Bargain Booze Banned

New curbs on off-licences after local schools complain

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Five off-licences will no longer be able to sell strong, cheap alcohol following complaints about street drinkers from two local primary schools.  

 

Addison Primary School and Lena Gardens Primary School applied to the Council to have the licences of five shops on Shepherd’s Bush Road reviewed. Following a Council licensing sub-committee meeting, Best Wines, Langani Superstore, Seven Up, Fairway Foods and London News, will have to stop selling beer, lager or cider with an alcohol content of 5.5 per cent or more. One particular brand of cider called White Ace with an alcohol content of 7.5 per cent was selling for as little

as 60 pence a can.

 

In a joint statement, Calum Fairley, head teacher of Lena Gardens Primary School, and Clare Pugh, deputy head teacher of Addison Primary School, said they had become concerned about the safety of the schools’ pupils and their parents. They said: “We at the schools have become concerned for our children and their parents, as they make their way into school in the mornings and home in the evenings, from the presence of street drinkers outside the Shepherd’s Bush Road, attracted to the area by the cheap alcohol provided by off-licences, of which there are many.”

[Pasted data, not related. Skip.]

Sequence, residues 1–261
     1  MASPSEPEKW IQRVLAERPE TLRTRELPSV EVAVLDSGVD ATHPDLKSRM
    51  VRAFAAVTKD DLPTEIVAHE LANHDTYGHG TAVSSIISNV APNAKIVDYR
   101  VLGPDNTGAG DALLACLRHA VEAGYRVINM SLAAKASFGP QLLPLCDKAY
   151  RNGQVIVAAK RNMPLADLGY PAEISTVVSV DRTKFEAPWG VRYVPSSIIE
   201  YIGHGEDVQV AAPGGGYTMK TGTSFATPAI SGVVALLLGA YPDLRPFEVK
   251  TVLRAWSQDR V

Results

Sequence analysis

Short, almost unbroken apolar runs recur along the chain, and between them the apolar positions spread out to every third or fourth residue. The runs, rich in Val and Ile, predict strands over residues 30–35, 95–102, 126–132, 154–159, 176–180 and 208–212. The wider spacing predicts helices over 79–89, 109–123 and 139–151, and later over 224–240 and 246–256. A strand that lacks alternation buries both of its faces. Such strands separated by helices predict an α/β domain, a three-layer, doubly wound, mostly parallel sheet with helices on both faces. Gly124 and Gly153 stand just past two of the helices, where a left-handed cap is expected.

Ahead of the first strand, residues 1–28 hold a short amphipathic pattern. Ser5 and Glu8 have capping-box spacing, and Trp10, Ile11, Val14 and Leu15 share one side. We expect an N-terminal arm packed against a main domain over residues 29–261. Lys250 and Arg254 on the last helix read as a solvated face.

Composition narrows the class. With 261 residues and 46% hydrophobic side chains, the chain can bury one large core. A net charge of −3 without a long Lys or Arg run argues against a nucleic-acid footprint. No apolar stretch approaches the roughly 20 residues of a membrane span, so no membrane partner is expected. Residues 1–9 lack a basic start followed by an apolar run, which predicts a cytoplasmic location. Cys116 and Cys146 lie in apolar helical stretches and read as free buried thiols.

Their concerns were backed by local police teams and more than 30 residents who sent letters of support for the schools to the Council.

 

Inspector Chris Wood, of Fulham Police, said: “These high strength alcoholic drinks are often bought and consumed by individuals who have problems with alcohol abuse,” he said. “The consumption by these people creates anxiety amongst community members, thus affecting the quality of life for local residents and generating an increased demand on police resources.”

 

James Johnstone, who lives in nearby Melrose Gardens, sent photos to the licensing

committee showing men urinating outside his house. He said arguments between groups of drunks were a daily occurrence on his street and that his six-year-old daughter had been distressed on several occasions.

 

Mr Johnstone said: “We are trying to stop Hammersmith & Fulham being known as the borough that has the highest alcohol-related deaths in London and this is a great success on a local level.

 

“I am pleased at the result and as residents, we are delighted. My six-year-old daughter has seen men exposing themselves by urinating openly in the street but I now hope that our children will not be subjected to abusive behaviour from drunks in the area.”

 

Josephine Saunders, of Batoum Gardens, also supported Lena Gardens and Addison Primary Schools. She said: “I have seen people under the influence buying what appears to be cheap drink in the shops on Shepherd’s Bush Road. It is very unpleasant to then witness them drinking it on the street corners and in Loris Gardens which they also use as a public lavatory.”

 

Commenting on the situation, the Conservative Parliamentary Candidate for Hammersmith, Shaun Bailey said: “The fight against anti-social street drinking is very important because it is one of the things that attracts further low level and more serious crime. It also can lead to areas becoming no go areas.”

The veto comes into effect in mid-February and includes a ban on the shops selling alcohol before 11am.

 

January 29, 2009